Kensington Estate Fine Art & Antique On-Line Auction
Jul 13-13, 2020Applebrook Auctions Presents East Meets West
Jul 13-13, 2020
Published: September 24, 2019
By W.A. Demers
WESTPORT, CONN. – Westport has a museum of contemporary art.
Doors opened to the public on September 22 with an inaugural presentation of two seminal works by Yayoi Kusama – “Infinity Mirror Room: Where the Lights in My Heart Go” and “Narcissus Garden.”
It is a heady new chapter for the former Westport Arts Center, which has taken up home at 19 Newtown Turnpike in a circa 1920s building once used by Martha Stewart for television production and which sat abandoned for some time. Straddling both Westport and Norwalk, the building has been transformed into two expansive galleries, a multi-functional education studio, a members lounge in which the organization plans to showcase a rare book collection in the future, a bookstore and a gift shop.
And in an inaugural coup by the new 501(c)(3) organization, members, neighbors, friends and new visitors were able to experience two of Kusama’s famous installations viewable together for the first time on the East Coast.
While ICA Boston opened what it characterized as Kusama’s “most immersive ‘Infinity Mirror Room (2013)'” a couple of days later, the 10-by-10-foot stainless steel and aluminum cube (2016) at MoCA Westport is just one of 20 such installations around the world, according to Liz Leggett, exhibition manager.
A darling of Instagramers the world over – #kusamawestport – the polished steel chambers with mirrored interiors are punctuated with small holes in walls and ceiling, allowing natural light to penetrate inside. A visitor stepping into the chamber is instantly surrounded by the celestial effect of that light, which the 90-year-old Japanese artist calls a “subtle planetarium,” in a sensation not unlike standing or sitting in a continuously expanding universe.
Leggett noted at a press preview prior to the museum’s opening that one enters the cube through a low doorway, the need to bend down paying homage to the Japanese tea room ceremony in which all have to bow, bringing everyone to the same level.
The artist’s “Narcissus Garden” (1996-present) is not new to Connecticut, a smaller version having been installed at New Canaan’s Glass House in 2016. Westport MoCA’s is larger, however, featuring 1,200 of the stainless steel spheres that have a diameter just under a foot and weigh about two pounds each.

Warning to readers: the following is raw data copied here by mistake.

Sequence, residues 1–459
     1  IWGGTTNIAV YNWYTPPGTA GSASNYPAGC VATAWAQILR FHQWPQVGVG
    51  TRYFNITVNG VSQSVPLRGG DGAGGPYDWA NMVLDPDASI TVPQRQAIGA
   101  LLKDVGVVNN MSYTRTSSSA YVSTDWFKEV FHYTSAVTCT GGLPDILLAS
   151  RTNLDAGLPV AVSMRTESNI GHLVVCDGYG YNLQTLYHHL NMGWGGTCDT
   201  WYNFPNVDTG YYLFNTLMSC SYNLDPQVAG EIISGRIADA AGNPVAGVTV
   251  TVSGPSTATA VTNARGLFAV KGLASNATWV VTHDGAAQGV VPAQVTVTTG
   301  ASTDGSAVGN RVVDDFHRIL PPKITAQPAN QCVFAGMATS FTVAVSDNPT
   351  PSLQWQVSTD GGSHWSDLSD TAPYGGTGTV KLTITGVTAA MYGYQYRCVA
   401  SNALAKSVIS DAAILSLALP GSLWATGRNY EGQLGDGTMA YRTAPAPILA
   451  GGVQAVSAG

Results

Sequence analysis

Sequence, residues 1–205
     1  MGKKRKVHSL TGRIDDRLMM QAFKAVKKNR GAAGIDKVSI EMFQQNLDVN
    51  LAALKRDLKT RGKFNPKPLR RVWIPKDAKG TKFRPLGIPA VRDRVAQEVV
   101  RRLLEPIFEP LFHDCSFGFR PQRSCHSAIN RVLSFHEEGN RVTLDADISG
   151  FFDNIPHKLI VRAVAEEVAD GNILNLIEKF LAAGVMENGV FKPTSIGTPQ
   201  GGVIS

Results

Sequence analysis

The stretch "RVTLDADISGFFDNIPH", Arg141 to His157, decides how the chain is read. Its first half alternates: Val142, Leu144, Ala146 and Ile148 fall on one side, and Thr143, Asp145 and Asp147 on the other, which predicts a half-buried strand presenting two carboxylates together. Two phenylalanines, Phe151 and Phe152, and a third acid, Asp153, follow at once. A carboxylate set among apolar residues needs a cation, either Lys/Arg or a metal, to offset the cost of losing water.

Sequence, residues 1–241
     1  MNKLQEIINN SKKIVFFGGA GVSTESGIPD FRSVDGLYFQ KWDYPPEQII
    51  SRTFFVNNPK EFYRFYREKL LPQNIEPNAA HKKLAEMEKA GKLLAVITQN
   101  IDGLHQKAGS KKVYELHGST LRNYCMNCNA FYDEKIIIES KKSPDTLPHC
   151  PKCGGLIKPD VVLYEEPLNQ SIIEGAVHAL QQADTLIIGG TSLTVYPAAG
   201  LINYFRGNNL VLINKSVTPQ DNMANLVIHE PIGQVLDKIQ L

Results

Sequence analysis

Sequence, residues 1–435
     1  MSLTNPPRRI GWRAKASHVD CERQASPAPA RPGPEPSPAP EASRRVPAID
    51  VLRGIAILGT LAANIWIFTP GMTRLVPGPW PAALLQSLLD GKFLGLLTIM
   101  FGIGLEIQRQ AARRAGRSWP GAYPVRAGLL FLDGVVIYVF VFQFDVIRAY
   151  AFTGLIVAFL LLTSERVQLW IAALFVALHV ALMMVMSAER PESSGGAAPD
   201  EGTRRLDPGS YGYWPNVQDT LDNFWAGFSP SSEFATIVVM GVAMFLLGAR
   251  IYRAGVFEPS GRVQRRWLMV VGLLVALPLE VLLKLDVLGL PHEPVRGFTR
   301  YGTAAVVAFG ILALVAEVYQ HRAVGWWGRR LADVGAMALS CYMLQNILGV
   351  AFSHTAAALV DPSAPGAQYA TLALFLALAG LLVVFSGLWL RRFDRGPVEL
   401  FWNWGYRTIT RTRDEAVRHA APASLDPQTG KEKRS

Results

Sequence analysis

Leggett said the museum worked with the artist in Japan by sending her a blueprint of the gallery space, and Kusama dictated the resulting composition of this installation. Kusama’s “Narcissus Garden” originated in 1966, when in a kind of guerrilla art move, the artist created one at the Venice Biennale, offering the spheres for $2 each. Displayed en masse indoors or out, iterations of “Narcissus Garden,” each uniquely arrayed, have been presented around the world. This installation will be up at Westport MoCA until February, and another will be featured at New York’s Botanical Gardens in 2020.
“One of the most exciting aspects of what we are presenting in our galleries is the cultural and educational opportunity it offers to so many.” Said executive director Amanda Innes. “We are seeing visitors of all kinds – from avid collectors to enthusiastic educators to early discoverers – embrace the electricity of this experience as well as want to be a part of where it will lead us next.”
On October 5, the museum plans to launch its winter 2019-20 concert season with classical and jazz artists, such as the American String Quartet and Kenny Barron. The organization will also be celebrating the return of the Heida Hermanns International Music Competition, which has been on hiatus.
For additional information, www.mocawestport.org or 203-222-7070.
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